We are aware that using pointers for passing parameters can avoid data copy, which will benefit the performance. Nevertheless, there are always some edge cases we might need concern.
Let’s take this as an example:
Which vector addition runs faster?
Intuitively, we might consider that
vec.addp is faster than
because its parameter
u uses pointer form. There should be no copies
of the data, whereas
vec.addv involves data copy both when passing and
However, if we do a micro-benchmark:
And run as follows:
benchstat will give you the following result:
How is this happening?
This is all because of compiler optimization, and mostly because of inlining.
If we disable inline from the
Then run the benchmark and compare the perf with the previous one:
The inline optimization transforms the
to a direct assign statement:
And for the
to a direct manipulation:
If we check the compiled assembly, the reason reveals quickly:
The dumped assumbly code is as follows:
addv implementation uses values from the previous stack frame and
writes the result directly to the return; whereas
addp needs MOVQ that
copies the parameter to different registers (e.g., copy pointers to AX and CX),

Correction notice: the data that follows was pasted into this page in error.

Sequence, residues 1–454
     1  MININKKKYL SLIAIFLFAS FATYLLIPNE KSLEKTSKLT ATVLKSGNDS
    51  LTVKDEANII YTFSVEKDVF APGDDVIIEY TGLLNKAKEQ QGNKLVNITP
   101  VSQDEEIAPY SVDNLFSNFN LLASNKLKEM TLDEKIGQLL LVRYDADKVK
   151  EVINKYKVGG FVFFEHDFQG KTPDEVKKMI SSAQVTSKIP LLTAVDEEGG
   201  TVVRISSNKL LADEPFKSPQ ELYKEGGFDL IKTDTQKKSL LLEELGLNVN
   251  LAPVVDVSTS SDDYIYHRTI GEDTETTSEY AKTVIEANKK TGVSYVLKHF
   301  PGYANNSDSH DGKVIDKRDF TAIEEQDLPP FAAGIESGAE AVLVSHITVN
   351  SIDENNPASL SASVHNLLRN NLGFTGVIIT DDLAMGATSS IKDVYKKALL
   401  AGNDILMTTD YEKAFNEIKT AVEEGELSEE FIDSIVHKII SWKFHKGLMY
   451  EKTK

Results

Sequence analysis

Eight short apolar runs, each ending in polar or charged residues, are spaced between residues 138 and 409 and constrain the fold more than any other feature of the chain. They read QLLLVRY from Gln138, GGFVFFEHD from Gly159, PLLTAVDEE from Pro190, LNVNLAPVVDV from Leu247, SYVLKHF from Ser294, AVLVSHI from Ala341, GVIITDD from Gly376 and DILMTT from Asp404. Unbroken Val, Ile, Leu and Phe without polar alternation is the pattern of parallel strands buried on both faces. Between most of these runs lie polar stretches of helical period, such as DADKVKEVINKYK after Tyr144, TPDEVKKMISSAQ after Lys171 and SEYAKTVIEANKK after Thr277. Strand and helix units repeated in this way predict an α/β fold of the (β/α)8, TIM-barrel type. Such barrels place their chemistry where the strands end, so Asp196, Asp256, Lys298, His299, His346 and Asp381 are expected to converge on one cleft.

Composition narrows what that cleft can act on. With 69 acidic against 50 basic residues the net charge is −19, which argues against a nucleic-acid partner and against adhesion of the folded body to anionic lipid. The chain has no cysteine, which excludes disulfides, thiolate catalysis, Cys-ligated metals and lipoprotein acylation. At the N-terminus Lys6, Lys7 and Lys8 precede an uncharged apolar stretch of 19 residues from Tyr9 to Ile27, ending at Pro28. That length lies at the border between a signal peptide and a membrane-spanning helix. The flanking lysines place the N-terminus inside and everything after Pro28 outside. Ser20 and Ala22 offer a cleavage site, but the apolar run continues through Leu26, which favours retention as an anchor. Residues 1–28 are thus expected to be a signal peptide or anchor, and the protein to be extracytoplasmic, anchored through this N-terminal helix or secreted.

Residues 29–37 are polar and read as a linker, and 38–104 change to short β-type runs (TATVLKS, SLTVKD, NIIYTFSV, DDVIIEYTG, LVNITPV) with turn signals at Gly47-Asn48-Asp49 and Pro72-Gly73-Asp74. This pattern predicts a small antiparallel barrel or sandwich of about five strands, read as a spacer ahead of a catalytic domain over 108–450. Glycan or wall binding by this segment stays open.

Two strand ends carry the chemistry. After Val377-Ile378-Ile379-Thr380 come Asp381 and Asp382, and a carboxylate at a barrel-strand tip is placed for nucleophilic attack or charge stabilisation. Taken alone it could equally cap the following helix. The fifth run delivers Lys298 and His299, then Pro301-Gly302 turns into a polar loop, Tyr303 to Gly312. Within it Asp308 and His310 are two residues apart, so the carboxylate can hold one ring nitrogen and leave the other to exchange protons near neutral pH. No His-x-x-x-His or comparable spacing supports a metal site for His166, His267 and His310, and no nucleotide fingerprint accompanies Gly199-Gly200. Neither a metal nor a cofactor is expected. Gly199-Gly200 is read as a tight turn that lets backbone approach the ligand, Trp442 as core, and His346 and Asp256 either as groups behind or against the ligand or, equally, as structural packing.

then write back when returning. Therefore, with inline disabled, the reason that
is slower than
addp is caused by different memory access pattern.
Can pass by value always faster than pass by pointer? We could do a further test. But this time, we need use a generator to generate all possible cases. Here is how we could do it:
If we generate our test code and perform the same benchmark procedure again:
We could even further try a version that disables inline:
Eventually, we will endup with the following results:
TLDR: The above figure basically demonstrates when should you pass-by-value or pass-by-pointer. If you are certain that your code won’t produce any escape variables, and the size of your argument is smaller than 4*4 = 16 bytes, then you should go for pass-by-value; otherwise, you should keep using pointers.
Further Reading Suggestions
- Changkun Ou. Conduct Reliable Benchmarking in Go. March 26, 2020. https://golang.design/s/gobench
- Dave Cheney. Mid-stack inlining in Go. May 2, 2020. https://dave.cheney.net/2020/05/02/mid-stack-inlining-in-go
- Dave Cheney. Inlining optimisations in Go. April 25, 2020. https://dave.cheney.net/2020/04/25/inlining-optimisations-in-go
- MOVSD. Move or Merge Scalar Double-Precision Floating-Point Value. Last access: 2020-10-27. https://www.felixcloutier.com/x86/movsd
- ADDSD. Add Scalar Double-Precision Floating-Point Values. Last access: 2020-10-27. https://www.felixcloutier.com/x86/addsd
- MOVEQ. Move Quadword. Last access: 2020-10-27. https://www.felixcloutier.com/x86/movq